Completion of the works of Art shall be on or about (whenever the parties agree on it) and the parties agree that unless it is specified by a deadline date, the completion date is not a matter of essential timing. The Artist agrees that in so naming a completion date, he will complete the works of Art, bearing in mind that should unforeseen circumstances prevent him from completing the aforesaid works of Art, he/she will recompense the Buyer under the provisions of this Agreement, these being: delivery of the works of Art “as is” and payment of a sum derived from the amount of $10.00 (ten dollars) per working day from that date, to the Completion date contained herein.

The Buyer shall have no right or interest in any particular work of the Artist until such a time as the Artist actually produces all the works of Art heretofore described for the Buyer.

The parties agree that should the Buyer fail to accept delivery after notification that the works are completed by the Artist as previously stated, or fail to pay the additional cash at the time of delivery, or should the Buyer otherwise default under terms of this Agreement, the measure of damages due to the Artist by the Buyer shall be assessed as $20.00 (twenty dollars) per working day from the time of the execution of this Agreement to the day of default, plus any expenses and costs incurred by the Artist in the production of the works of Art, interest from the Agreement delivery date at the applicable judgment rate, reasonable attorney’s fees incurred by the Artist in connection with this Agreement or with the enforcement of this Agreement, and all court costs.

The Buyer agrees to accept delivery of the works of Art within seven (7) working days after the Artist notifies the Buyer that the works of art are completed and the Buyer, unless otherwise specified in this Agreement, shall own full rights to the actual painting/illustrations forever.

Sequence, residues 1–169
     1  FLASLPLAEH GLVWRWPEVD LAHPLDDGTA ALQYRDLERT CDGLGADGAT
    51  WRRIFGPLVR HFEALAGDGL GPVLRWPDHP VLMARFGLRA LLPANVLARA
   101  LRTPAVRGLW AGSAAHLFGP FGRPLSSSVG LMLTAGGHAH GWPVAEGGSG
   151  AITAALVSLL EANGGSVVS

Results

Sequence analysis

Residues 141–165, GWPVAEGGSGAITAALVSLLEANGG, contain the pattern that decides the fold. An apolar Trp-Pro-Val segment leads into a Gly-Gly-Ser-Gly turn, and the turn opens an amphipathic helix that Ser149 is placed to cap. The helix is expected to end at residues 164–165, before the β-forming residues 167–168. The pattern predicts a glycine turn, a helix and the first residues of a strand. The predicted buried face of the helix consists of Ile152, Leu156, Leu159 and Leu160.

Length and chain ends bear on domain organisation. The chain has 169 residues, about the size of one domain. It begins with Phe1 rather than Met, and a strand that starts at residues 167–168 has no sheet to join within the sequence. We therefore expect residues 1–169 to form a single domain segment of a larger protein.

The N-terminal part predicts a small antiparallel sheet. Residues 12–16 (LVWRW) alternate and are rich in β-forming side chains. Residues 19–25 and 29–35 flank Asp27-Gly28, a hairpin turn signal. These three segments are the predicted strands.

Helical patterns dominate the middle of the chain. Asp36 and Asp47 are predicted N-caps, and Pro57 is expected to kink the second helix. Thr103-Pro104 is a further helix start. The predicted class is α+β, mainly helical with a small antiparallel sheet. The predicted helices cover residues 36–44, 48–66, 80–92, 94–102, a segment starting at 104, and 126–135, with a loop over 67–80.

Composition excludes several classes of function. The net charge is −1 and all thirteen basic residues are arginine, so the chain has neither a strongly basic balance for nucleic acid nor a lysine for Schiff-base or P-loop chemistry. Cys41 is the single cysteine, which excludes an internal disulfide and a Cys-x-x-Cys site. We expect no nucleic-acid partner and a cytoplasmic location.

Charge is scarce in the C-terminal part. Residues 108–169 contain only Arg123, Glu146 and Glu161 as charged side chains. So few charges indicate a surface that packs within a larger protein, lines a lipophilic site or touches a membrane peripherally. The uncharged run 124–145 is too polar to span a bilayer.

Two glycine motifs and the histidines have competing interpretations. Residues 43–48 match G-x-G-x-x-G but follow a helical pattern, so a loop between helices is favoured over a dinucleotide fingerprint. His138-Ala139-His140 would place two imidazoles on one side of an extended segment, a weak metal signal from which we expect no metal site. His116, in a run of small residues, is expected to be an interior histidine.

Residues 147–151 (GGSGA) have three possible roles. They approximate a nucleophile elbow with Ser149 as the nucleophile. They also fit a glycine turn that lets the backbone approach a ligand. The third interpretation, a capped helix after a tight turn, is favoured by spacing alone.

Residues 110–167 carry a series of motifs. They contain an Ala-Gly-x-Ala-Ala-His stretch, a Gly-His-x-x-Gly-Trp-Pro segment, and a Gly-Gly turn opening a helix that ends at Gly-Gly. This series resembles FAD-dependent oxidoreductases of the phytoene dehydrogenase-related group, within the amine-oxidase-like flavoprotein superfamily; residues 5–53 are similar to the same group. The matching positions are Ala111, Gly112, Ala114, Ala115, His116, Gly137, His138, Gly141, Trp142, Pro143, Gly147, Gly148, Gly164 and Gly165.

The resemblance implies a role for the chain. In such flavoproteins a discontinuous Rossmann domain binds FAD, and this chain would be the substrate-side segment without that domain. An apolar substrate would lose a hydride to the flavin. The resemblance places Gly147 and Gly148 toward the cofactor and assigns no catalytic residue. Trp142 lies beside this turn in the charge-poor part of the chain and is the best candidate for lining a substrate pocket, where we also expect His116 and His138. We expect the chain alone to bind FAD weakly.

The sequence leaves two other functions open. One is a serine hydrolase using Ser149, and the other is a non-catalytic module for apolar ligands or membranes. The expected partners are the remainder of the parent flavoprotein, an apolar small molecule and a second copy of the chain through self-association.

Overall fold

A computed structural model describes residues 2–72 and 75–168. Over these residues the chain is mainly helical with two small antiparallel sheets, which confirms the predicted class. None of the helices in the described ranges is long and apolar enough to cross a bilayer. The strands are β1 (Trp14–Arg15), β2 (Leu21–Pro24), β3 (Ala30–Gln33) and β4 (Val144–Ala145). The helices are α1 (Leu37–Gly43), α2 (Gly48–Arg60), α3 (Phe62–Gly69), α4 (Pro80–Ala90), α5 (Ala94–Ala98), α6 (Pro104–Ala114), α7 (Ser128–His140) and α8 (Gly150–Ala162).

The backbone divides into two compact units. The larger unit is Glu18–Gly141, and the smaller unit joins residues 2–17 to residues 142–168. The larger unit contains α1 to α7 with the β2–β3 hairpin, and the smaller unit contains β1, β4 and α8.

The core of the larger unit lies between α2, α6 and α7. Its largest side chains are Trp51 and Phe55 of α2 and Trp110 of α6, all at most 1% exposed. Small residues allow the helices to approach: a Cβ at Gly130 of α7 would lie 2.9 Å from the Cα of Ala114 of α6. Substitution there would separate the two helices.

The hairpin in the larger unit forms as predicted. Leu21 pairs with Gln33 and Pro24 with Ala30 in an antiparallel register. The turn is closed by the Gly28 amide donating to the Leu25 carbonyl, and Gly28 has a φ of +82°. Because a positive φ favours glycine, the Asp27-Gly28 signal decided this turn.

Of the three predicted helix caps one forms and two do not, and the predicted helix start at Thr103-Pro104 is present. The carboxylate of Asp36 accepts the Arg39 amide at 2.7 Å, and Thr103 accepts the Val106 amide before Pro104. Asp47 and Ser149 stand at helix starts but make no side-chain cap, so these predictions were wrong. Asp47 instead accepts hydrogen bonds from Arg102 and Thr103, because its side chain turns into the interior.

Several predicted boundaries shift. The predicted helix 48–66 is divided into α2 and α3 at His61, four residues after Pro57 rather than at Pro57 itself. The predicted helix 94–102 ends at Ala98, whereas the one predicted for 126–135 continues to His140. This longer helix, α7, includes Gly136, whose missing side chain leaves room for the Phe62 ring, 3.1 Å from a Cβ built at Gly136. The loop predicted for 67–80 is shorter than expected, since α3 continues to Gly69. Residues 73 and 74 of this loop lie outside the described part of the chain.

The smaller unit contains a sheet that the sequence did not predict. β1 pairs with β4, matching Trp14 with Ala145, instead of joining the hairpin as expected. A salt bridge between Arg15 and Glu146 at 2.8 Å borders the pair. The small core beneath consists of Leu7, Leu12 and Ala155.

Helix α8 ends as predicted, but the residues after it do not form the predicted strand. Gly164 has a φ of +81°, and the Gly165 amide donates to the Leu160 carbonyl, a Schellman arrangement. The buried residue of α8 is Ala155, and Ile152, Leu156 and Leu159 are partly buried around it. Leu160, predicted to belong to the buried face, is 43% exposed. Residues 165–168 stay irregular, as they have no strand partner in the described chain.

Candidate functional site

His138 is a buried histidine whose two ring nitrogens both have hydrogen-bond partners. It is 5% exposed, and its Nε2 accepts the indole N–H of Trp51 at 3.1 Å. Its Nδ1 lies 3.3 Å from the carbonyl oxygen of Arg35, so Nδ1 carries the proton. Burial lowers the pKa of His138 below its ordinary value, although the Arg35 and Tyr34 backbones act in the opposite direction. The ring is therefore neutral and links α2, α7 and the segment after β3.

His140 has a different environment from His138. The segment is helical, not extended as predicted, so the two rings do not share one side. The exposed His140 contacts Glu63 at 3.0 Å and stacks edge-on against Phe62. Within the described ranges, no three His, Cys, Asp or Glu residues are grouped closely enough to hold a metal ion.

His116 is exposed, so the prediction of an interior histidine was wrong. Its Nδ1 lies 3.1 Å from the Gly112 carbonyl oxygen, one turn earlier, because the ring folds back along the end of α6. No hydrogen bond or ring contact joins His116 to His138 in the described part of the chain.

The Artist agrees and informs the Buyer that the finished works of art are the sole property of the Buyer and that the Buyer ...    may/may not     copyright and/or commercially reproduce the work of art .... without the written and/or oral consent of the Artist.

The terms and provisions contained in this Agreement shall apply to, inure to the benefits of and be binding upon the parties hereto and their heirs, successors in interest, and legal representatives, except as otherwise expressly provided.

This Agreement and any rights hereunder, except as otherwise provided herein, shall not be assigned without the prior written consent of the other party. This Agreement contains the entire understanding between the parties and may not be modified except by written memorandum signed by both parties.

IN WITNESS WHEREOF the Buyer and the Artist have executed this Agreement this (today’s date), and affixed their signatures.



( SIGNATURE )  _____________________________________   Author

_________________________  Date




( ELECTRONIC SIGNATURE ) You the Artist
(today’s date)




Title: Re: Selling Your Art Course
Post by: Annie. on December 20, 2016, 07:17:54 AM
A painting usually has a single owner for a certain period of time. And since they own that painting, they can do anything they want with it, including having a print shop photograph it and copy the image onto any material they so choose, without your permission- copyrighted or not,--- unless of course, your contract for the sale of the painting involves verbiage that precludes such action without your permission.

???  That cannot be correct.  I cannot buy one of Nolan's painting and them go make giglees of it.  I canot even print greeting cards from a painting I did following one of the classes on PB.

The copyright remain, by default, with the artist.   In Canada there is an obscure exception for commissioned portrait.  Canadian artists who do portrait on commission are careful to attach a clear understanding of who has permission to do what... just in case.